Collection of recipes. 17th Century manuscript. MS Ferguson 61
A cutting from a sales catalogue inserted in this volume describes this book as a large and curious collection of recipes. There are 330 recipes in this book, although the index at the end of the book indicates only 277, most of which appear to be of a medicinal nature. Titles in the index include entries such as "to thicken hair", "for the scurvy" and "for pain in limbs" amongst others. There are also several recipes for cordials and syrups. An inscription on the flyleaf of this volumes reads "Mary Harrison her book 1692." The recipes are written in several different hands which may indicate that the book has been written in by several generations of women.
Page 55 on the left shows recipes for "The Plague Water" and "To keep small pox out of mouth and throat".
Alexander, Margaret. Commonplace book. Manuscript book, 1694-1731. MS Murray 188
Margaret Alexander lived in or near Glasgow,
and was the daughter of John Alexander, who may have been John Alexander
of Blackhouse who died in 1712. This is a commonplace book, a volume where
references which the author thought important would be noted. This volume contains a number of different
writings, for example, what appears to be notes on Greek writing, some
simple arithmetic, religious and historical notes, some recipes and a cure
for heart burn, a love poem and the definition of a good wife. At the end of the book there are a number of receipts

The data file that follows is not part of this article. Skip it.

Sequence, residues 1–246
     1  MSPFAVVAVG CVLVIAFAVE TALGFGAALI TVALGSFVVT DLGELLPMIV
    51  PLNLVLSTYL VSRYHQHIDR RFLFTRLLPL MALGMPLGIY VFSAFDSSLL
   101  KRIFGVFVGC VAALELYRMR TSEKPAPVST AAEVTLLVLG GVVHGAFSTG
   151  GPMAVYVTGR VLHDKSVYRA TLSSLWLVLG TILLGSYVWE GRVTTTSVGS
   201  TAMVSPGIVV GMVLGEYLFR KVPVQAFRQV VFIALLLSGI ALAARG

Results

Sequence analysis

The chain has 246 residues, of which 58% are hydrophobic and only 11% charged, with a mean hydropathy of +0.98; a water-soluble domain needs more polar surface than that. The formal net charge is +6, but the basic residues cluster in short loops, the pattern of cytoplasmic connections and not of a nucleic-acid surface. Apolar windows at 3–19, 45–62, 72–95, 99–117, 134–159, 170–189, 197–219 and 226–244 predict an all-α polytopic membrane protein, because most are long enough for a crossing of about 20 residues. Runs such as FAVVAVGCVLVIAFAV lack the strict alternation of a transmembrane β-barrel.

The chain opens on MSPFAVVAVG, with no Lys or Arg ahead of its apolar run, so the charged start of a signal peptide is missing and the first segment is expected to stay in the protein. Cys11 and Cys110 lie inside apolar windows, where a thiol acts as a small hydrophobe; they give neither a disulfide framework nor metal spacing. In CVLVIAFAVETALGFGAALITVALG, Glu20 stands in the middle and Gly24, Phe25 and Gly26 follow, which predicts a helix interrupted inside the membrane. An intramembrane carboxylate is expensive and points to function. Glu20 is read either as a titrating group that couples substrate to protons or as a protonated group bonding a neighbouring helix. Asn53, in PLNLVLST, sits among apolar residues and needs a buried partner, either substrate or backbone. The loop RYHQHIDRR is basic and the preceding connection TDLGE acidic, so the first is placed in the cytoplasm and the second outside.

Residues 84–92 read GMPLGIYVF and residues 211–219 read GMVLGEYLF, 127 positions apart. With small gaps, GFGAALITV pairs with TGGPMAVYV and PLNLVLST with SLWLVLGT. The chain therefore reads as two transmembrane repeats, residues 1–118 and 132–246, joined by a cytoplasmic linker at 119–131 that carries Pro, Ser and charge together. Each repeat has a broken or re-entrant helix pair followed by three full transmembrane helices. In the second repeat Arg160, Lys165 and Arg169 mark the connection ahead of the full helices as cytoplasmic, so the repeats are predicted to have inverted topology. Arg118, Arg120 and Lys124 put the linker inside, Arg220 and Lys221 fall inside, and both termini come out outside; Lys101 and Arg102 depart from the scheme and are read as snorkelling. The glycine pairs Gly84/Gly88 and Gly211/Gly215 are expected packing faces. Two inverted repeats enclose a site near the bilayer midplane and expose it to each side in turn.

from tradesmen dated between 1723 and 1734. Several of these shopkeepers
are listed in A view of the city of Glasgow, by John McUre
Maxwell, Lady Betty of Millhead. Manuscript book, 1709-1735. MS Murray 271
This volume, perhaps a commonplace book, was owned and written by Lady Betty Maxwell of Millhead and contains a number of writings including a treatise on arithmetic, household accounts and recipes. Also included in the volume is what appears to be diary entries, dated from June 9th 1709. These entries discuss sheep, their sale and clipping, for example "Seven and fifty sheep is clipped...two old tips and a young one." Later an entry notes "ane account of sheep belonging to Bishoptoun." These accounts suggest that Lady Maxwell was somehow involved in agriculture and farming. Included in the book are also several medicinal recipes including "to cure a child of rupter" and "for pouder for the worms". Near the end of this document there is A catalogue of the Lady Millheads books. There are 29 of these in total, all of which are religious works.